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Narek Aleksanyan

Physicians Raise Mercury Pollution Alarm in Armenia

At a Yerevan press conference today, specialists from the “Armenian Women for Health and a Healthy Environment” raised the alarm about mercury pollution in Armenia and the need to take immediate steps to avert possible future health calamities associated with heavy metals.

Physicians Knarik Grigoryan and Emma Anakhasyan expressed the hope that Armenia would sign the Minamata Convention on Mercury come this October.

The Minamata Convention on Mercury is a legally binding instrument to protect the human health and the environment from anthropogenic emissions and releases of mercury and mercury compounds.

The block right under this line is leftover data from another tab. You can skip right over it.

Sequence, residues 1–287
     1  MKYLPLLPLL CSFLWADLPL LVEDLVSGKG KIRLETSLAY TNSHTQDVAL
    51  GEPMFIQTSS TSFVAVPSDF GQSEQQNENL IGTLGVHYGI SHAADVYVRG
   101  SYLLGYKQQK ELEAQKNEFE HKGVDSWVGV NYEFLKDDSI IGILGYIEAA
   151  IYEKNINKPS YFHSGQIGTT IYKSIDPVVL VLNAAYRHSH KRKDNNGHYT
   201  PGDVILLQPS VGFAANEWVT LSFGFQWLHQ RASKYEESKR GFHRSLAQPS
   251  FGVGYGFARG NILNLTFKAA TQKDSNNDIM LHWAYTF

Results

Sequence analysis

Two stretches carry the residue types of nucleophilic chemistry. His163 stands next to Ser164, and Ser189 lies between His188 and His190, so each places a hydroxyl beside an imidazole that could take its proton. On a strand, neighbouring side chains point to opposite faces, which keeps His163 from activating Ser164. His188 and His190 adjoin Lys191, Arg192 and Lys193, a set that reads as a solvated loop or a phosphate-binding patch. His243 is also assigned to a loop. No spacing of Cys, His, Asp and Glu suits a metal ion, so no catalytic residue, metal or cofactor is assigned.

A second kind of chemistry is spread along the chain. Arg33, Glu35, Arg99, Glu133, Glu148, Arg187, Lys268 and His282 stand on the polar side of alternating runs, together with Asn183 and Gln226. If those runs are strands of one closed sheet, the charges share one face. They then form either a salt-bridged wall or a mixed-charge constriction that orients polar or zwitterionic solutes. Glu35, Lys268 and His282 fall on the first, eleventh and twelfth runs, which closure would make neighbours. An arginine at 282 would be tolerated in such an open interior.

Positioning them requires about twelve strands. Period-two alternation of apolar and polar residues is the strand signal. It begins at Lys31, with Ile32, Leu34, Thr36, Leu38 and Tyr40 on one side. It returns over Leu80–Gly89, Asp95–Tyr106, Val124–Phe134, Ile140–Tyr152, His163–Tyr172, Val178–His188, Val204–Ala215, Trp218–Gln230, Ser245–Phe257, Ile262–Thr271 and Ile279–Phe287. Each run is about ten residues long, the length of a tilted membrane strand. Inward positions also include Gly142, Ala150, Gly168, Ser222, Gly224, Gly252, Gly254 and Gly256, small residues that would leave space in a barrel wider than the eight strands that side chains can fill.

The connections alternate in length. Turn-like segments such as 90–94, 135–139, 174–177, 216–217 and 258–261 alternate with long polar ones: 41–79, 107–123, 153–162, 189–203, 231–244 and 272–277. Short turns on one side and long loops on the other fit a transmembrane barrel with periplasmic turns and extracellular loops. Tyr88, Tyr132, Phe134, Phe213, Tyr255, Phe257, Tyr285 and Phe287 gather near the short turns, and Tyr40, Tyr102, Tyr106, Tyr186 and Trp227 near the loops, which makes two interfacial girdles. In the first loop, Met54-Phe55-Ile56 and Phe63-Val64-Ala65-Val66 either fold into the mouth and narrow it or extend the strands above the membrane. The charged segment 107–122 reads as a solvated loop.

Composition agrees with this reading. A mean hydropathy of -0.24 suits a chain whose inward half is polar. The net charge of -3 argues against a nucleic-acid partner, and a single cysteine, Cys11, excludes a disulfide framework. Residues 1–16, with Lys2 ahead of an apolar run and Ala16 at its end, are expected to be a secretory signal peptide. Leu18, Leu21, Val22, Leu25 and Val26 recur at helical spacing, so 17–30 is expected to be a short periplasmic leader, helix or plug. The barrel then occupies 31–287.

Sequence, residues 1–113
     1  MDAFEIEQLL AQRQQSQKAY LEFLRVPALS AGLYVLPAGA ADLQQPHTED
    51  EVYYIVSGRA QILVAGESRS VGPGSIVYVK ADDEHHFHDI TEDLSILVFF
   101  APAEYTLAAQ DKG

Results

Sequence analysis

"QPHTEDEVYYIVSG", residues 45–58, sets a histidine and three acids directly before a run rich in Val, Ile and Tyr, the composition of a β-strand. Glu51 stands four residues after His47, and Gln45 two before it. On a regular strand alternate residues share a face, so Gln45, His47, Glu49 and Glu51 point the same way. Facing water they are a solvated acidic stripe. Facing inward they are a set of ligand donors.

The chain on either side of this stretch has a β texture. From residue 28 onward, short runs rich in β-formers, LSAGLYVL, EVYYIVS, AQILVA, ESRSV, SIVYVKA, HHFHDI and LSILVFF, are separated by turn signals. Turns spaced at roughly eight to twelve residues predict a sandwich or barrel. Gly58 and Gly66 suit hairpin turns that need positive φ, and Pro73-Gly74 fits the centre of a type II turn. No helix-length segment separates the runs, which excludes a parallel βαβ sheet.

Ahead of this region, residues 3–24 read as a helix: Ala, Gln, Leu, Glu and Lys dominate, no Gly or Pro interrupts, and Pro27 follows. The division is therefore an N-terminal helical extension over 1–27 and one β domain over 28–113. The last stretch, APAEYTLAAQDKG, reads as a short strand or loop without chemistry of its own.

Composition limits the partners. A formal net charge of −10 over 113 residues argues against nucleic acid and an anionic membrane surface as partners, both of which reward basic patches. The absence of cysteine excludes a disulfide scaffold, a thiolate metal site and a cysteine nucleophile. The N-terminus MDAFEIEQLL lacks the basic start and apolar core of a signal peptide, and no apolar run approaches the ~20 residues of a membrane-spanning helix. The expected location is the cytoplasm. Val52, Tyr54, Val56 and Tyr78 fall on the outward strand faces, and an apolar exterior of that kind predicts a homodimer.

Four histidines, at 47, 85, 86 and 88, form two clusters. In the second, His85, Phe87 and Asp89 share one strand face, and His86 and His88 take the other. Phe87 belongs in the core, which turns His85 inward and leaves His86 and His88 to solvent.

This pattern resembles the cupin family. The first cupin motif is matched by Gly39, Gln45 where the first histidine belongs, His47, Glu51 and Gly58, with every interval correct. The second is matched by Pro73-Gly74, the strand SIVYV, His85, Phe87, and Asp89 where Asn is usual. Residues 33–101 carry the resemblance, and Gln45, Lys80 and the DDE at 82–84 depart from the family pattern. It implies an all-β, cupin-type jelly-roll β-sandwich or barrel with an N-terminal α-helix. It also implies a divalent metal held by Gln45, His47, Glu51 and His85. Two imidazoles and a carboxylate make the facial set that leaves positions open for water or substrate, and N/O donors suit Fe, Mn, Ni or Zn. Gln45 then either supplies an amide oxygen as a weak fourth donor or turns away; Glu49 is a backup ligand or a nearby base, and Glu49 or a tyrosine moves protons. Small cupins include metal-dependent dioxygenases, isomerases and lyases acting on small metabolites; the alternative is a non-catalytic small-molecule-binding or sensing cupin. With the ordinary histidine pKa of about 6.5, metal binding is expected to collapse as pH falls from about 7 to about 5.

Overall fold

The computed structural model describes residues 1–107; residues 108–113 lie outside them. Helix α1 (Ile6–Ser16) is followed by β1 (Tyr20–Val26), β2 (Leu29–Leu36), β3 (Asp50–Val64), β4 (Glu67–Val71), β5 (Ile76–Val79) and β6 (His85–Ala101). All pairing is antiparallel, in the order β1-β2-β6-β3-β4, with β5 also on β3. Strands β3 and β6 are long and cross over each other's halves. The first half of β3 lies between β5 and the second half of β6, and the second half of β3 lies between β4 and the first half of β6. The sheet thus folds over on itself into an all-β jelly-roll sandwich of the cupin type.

The speakers refereed to what is called “Minamata Disease”, a neurological syndrome caused by severe mercury poisoning.

Minamata disease was first discovered in Minamata city, Japan, in 1956. It was caused by the release of methyl mercury in the industrial wastewater from the Chisso Corporation's chemical factory, which continued from 1932 to 1968. This highly toxic chemical bio-accumulated in shellfish and fish in Minamata Bay and the Shiranui Sea, which, when eaten by the local populace, resulted in mercury poisoning.

While cat, dog, pig, and human deaths continued for 36 years, the government and company did little to prevent the pollution. The animal effects were severe enough in cats that they came to be called "dancing cat fever.

As of March 2001, 2,265 victims had been officially recognized (1,784 of who had died) and over 10,000 had received financial compensation from Chisso.